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New article co-authored by Cheryl Doss examines gender, lockdown and food security
A new article co-authored by Associate Professor Cheryl Doss explores how gender interacts with measures implemented in response to COVID-19 and their implications for food security in Africa
The article, published in the Journal of Gender, Agriculture and Food Security, is co-authored with Jemimah Njuki of the International Development Research Centre in Nairobi and ODID's Helena Mika.
An understanding of the potential intersections bewteen gender, food security and lockdown measures is crucial for a gender-sensitive response that ensures both women’s own food security and their ability to safely perform crucial roles in the food value chain.
The article draws on evidence from past health crises, reports from the COVID-19 pandemic, and literature on gender and food security to draw out potential gendered effects across four nodes: production, processing, trading, and consumption.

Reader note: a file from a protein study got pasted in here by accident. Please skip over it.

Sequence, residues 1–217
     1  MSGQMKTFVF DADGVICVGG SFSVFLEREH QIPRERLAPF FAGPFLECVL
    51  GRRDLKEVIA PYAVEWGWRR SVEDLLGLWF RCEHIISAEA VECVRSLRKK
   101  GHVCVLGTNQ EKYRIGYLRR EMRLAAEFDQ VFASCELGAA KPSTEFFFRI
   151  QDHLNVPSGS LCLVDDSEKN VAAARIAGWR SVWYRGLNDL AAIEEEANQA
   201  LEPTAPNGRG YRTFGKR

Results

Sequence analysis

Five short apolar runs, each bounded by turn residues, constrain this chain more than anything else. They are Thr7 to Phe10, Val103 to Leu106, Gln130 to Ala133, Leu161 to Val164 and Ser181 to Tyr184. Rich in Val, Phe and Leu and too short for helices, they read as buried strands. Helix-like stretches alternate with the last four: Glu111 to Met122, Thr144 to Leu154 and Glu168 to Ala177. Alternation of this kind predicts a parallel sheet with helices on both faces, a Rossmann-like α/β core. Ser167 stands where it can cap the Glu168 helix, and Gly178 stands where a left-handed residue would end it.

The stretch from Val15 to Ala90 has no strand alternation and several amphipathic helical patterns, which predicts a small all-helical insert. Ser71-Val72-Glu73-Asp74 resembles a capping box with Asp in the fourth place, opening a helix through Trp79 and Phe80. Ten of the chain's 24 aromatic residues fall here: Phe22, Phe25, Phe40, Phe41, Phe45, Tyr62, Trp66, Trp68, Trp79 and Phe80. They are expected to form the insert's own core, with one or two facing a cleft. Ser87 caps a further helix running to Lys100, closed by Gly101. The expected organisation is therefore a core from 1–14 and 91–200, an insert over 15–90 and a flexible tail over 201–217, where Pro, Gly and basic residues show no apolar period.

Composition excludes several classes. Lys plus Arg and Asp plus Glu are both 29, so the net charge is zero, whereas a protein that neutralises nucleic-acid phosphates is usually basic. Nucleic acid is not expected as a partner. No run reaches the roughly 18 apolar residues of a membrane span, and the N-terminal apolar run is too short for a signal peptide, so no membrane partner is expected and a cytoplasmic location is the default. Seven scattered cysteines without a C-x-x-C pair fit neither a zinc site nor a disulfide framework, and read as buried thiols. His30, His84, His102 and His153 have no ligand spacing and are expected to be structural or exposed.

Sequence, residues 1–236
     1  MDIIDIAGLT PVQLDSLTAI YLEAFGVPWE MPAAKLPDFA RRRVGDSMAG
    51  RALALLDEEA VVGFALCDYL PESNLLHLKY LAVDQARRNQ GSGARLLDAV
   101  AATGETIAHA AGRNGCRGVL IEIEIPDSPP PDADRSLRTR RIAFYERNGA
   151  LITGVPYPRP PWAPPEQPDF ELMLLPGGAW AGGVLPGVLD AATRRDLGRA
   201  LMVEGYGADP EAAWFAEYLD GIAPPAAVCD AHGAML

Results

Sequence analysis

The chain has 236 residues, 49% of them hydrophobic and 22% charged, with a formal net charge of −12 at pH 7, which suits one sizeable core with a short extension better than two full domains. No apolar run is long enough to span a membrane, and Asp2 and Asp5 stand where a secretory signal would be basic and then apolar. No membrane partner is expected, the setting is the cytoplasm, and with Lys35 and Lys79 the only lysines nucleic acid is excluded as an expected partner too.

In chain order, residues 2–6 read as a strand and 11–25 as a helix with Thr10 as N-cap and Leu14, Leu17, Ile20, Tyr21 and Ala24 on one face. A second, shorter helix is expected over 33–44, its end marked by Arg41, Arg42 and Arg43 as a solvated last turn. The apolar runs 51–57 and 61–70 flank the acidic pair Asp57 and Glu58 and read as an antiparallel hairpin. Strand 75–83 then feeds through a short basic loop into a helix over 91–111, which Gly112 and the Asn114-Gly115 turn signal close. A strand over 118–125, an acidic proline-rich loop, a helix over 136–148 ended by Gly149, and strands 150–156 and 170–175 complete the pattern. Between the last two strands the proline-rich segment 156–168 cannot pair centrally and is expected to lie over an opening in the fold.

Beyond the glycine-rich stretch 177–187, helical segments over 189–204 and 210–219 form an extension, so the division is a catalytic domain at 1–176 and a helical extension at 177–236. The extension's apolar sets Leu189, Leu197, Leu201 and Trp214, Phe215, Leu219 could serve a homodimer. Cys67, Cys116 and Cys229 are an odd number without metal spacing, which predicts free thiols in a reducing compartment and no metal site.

It analyses how gendered structures can lead to an increase in women’s care work, an increase in women’s agricultural work in substitution for import-restricted inputs, a disproportionate financial effect due to women’s prevalence in local markets and street vendor sectors, and consequent health effects due to women’s central role in food preparation and household nutrition.
Cheryl Doss, Jemimah Njuki and Helena Mika (2020) ‘The potential intersections of COVID-19, gender and food security in Africa’, Journal of Gender, Agriculture and Food Security 5 (1): 41–8 doi:10.19268/JGAFS.512020.4